“The answer to present stresses and strains, which are mainly a function of economic growth and revival, is not to reach for that same old lever of uncontrolled migration to keep wages low.
“The answer is to control immigration, to allow people of talent to come to this country but not to use immigration as an excuse for failure to invest in people, skills, and the equipment and machinery.”
Responding to the speech, Migration Watch UK accused Mr Johnson of deceiving the public into believing that his policies will actually reduce migration. The think tank noted that while there may be a reduction in migrant workers from the European Union, Johnson’s points-based system has in fact opened the door to many more migrants throughout the world than before.
The government said that the plan was intended to be modelled off of the Australian points-based system, however, unlike Australia, the UK has failed to set a hard cap on number of immigrants allowed in per year, opening up about half of all full-time jobs to competition from foreign labour.


THE European Union is threatening to cut off UK businesses from the rest of the world in a huge blow to the City of London as the Brexit row over triggering Article 16 explodes.
EU member states have been infuriated by a threat from the UK’s Brexit minister Lord Frost to invoke Article 16 if Brussels does not cave on demands to make wholesale changes to the Northern Ireland Protocol. France’s Clement Beaune erupted during an interview on Monday, with Paris threatening to turn off the lights in Britain and cut off its imported energy supply, which is already in crisis under fuel and gas shortages, as well as surging prices.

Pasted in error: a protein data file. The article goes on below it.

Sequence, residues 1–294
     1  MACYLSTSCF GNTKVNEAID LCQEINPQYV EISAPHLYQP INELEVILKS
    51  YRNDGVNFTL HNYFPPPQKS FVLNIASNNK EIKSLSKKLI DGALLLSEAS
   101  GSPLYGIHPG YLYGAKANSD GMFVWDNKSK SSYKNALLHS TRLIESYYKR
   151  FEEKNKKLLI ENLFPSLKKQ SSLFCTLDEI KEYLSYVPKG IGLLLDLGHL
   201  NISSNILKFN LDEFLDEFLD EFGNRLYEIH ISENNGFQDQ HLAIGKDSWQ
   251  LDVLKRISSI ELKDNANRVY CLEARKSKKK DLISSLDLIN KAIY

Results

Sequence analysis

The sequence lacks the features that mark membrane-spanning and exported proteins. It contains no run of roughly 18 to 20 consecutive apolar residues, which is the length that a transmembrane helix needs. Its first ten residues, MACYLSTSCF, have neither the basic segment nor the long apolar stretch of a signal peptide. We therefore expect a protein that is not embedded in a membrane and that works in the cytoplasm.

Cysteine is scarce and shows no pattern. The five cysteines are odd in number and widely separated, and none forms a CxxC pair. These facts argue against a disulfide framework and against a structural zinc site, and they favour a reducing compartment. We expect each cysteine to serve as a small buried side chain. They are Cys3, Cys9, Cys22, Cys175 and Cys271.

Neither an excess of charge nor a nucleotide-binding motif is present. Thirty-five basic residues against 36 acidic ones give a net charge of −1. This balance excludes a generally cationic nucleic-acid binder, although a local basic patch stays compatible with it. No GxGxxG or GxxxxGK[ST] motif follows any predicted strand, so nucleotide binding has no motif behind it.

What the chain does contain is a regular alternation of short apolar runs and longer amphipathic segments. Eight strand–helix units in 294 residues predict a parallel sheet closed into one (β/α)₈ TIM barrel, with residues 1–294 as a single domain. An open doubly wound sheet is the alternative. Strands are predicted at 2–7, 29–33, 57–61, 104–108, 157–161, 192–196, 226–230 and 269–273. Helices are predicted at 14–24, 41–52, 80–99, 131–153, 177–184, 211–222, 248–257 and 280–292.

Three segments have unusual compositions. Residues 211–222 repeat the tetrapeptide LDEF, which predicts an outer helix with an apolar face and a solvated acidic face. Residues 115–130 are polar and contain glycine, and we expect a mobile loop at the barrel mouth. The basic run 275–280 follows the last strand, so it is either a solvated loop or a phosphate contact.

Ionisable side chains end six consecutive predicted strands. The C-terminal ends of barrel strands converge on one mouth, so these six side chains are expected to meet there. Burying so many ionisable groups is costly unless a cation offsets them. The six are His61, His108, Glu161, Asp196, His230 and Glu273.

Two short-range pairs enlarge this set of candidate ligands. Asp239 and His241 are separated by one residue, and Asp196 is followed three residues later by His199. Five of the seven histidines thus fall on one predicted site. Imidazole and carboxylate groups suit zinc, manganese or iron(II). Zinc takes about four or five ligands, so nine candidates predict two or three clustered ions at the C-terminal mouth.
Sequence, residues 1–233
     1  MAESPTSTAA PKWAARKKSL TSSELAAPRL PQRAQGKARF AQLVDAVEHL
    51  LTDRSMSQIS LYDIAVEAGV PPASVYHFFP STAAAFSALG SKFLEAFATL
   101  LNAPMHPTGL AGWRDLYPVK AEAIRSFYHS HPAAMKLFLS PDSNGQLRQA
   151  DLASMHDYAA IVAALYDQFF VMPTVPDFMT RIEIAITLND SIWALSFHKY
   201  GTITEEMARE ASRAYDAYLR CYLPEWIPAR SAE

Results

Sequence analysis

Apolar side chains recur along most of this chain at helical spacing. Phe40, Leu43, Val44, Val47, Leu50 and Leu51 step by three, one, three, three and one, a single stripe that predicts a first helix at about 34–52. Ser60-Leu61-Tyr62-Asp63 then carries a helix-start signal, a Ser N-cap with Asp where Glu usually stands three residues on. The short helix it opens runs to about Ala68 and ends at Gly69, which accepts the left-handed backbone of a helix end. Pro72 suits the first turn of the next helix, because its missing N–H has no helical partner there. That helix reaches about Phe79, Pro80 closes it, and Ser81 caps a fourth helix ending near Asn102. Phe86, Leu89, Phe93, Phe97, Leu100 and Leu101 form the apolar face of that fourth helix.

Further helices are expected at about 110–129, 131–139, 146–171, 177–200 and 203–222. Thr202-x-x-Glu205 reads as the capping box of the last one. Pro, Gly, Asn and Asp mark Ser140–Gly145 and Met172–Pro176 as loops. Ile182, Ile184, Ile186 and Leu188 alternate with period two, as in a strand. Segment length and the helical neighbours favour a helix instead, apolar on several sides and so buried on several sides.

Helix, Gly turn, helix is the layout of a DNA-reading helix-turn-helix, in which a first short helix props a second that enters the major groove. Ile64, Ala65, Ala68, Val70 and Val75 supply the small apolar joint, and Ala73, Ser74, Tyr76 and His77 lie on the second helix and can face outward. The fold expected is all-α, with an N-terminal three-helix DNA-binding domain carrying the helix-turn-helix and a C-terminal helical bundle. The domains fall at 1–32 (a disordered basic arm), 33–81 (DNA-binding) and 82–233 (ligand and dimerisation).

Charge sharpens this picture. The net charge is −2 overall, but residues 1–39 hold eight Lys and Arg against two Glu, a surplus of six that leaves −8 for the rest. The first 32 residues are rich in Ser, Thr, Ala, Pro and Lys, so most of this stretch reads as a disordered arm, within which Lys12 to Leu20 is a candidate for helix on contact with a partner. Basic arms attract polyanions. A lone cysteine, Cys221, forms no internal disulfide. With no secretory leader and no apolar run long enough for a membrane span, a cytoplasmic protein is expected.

EU member states are reportedly already floating more subtle measures that wouldn’t hit the general population but could still blow a huge hole in under-pressure finances, such as ending data transfers to UK companies, according to Politico’s Playbook.
During his outburst, Mr Beaune warned the Brexit deal should be “implemented fully” and that if it is not, “we will take European or national measures to exert pressure on the UK”.
He told Europe 1 radio: “Enough already, we have an agreement negotiated by France, by Michel Barnier, and it should be applied 100 percent.